Buk-Live-Readings - what sources did he read from? (1 Viewer)

We know from video, that Bukowski usually didn't read from his books when he gave public readings. He read from sheets of paper.

Now the tantalizing question:
What were those papers?

I find it quite unlikely, it were the manuscripts or carbons. Also I don't think xerox-copies were so common in the early to late 70s. I find it equally unlikely, that he took the effort of re-typing them for a reading. Maybe he got lose sheets from print-run-overs of books?

We also know, that sometimes at a live-reading, he read other versions than we know from books/manuscripts. (e.g. 'The Crunch' or 'Style')

You sure get, where this question aims at:
is it possible, that there ARE different versions from Bukowski's own hand, that haven't been published before his dead?

And even if there wasn't, it's still interesting what sheets of paper he was reading from, right?
Does anybody know?
Maybe one of the cats here, who knew him back in the 70s or one of you detective-scholars?
I find it quite unlikely, it were the manuscripts or carbons. I find it equally unlikely, that he took the effort of re-typing them for a reading.
Really? I think it is very much likely that they were either carbons or re-typings. I think he re-typed poems more than we might imagine. He certainly kept copies of everything, as there are many examples of him reusing poems with slight alteration.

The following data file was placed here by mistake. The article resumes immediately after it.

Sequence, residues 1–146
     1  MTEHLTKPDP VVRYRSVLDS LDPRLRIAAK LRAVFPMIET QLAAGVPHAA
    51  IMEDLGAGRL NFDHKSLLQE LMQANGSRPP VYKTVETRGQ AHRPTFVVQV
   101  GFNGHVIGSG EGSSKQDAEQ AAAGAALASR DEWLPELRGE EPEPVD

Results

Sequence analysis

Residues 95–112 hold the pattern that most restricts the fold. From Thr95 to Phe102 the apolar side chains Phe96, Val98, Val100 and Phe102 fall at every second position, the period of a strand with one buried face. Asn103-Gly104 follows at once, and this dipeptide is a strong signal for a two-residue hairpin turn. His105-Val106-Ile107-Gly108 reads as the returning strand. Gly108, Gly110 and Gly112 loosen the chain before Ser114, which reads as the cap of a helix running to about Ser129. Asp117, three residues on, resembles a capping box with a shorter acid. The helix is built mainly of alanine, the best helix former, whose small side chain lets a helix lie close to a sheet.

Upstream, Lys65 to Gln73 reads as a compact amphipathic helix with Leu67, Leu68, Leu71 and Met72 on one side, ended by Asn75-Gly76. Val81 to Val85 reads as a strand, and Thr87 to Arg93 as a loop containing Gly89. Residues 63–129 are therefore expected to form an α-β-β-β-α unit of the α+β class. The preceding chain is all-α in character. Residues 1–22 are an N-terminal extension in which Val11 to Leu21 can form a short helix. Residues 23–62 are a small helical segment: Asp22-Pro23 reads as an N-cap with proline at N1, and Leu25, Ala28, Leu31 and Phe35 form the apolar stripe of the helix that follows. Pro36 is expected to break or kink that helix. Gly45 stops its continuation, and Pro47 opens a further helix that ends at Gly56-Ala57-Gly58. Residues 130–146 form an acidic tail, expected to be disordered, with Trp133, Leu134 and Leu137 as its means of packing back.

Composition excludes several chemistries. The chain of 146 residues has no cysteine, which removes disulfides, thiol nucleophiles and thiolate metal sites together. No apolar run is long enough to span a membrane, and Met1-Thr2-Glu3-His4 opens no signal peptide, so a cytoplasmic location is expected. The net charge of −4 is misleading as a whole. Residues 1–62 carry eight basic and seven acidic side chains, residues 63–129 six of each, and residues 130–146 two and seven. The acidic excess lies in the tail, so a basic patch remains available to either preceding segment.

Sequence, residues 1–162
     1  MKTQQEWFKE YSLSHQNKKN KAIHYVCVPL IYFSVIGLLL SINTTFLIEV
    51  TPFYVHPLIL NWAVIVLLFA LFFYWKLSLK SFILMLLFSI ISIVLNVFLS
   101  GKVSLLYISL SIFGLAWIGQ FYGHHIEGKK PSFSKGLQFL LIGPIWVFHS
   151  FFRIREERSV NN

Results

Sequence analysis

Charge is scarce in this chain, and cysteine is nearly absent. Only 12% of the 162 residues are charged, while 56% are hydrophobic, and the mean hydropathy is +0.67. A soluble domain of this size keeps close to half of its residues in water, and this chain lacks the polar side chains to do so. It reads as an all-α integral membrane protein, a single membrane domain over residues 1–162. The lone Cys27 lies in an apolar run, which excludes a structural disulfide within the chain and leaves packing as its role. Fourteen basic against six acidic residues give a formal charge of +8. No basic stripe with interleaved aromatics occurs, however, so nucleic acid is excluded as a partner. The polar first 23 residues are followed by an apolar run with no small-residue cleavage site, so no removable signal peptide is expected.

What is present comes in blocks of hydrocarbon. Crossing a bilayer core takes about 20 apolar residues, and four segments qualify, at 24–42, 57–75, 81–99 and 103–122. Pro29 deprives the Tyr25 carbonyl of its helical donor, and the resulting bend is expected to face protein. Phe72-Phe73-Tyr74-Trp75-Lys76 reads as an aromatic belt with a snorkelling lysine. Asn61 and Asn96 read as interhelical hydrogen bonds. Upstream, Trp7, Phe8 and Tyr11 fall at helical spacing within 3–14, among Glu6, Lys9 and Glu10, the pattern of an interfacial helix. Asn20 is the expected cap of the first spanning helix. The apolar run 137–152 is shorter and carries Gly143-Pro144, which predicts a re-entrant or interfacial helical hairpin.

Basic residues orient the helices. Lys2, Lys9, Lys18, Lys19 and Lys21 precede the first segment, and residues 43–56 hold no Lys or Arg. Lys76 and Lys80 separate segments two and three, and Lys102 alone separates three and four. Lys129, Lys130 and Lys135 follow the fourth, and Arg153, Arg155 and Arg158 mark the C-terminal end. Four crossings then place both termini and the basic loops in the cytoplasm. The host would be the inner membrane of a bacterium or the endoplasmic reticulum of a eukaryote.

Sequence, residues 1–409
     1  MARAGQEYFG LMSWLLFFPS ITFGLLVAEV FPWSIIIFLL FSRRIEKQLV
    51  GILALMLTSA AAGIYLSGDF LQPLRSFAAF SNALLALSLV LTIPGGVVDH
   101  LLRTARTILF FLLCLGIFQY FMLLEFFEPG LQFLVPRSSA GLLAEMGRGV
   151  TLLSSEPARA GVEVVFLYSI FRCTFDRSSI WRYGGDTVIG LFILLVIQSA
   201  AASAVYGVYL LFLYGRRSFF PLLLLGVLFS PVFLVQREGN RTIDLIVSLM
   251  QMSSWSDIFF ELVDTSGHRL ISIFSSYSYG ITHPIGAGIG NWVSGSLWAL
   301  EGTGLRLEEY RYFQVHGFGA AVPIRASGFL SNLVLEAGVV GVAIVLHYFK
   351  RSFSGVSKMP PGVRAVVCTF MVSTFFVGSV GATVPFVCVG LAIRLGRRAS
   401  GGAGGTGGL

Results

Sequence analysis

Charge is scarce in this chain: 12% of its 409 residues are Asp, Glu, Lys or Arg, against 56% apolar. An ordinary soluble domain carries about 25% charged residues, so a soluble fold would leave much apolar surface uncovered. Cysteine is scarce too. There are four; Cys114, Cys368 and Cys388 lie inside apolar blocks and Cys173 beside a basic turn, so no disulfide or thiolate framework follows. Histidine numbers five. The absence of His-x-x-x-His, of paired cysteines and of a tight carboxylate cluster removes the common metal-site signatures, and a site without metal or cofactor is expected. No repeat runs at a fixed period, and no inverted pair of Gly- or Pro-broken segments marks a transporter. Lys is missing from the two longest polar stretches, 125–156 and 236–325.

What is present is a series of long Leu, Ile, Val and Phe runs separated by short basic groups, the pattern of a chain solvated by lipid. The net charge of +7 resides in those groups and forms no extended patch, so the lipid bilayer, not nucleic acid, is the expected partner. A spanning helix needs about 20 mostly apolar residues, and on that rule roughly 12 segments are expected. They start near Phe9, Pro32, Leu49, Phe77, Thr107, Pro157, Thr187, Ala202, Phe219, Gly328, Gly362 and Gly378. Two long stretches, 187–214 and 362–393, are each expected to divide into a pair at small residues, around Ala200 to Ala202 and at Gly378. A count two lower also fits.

If he used original manuscripts - where did he get them? Were they sent back to him by the publishers?
Also, I guess, the manuscripts would look much more beat-up than they apparently do, if he used them for readings (sometimes even more than once).

If he re-typed them - why don't we have any different ('original'-)manuscripts from the same poems? (by 'original' I mean "from his own hand") Why would he be so aware of the value of his typed poems to sign&date them and then throw away all duplicates by his own hand which would be of certain value too?

And if they exist - wouldn't that be a hint, that it's at least possible, that there also exist more different versions of poems all from his hand?

I'm asking into that direction to get total, undeniable evidence, that certain changes of poems we've seen, can not be made by Bukowski himself in one way or another. You know, a kind of Karl-Popper-way of falsification to proof that it must have been another person than Bukowski himself.

I was hoping, that some cats here, who attended his readings in the 70s would know.
The two times I saw Bukowski read live (neither was filmed, as far as I know), he read from sheets of paper that looked like either original manuscript pages or carbons. They didn't look like loose sheets from book print overruns. Photocopies were fairly common in the 70s. I think we got our first Xerox machine at the library at CSULB in the late 60s to early 70s. That is the same period during which I saw him read -- once in the late 60s and again in the early 70s (1970 to 72).

I'm going from memory here. Somewhere I have notes with more precise dates.
Well, only as good as my memory. Memory is a tricky thing. That's my impression: that he didn't read from a book, but it wouldn't surprise me too much if a photo surfaced from either time I saw him read, showing him holding a book or magazine. I do recall seeing him shuffling through what looked like sheets of typing paper.

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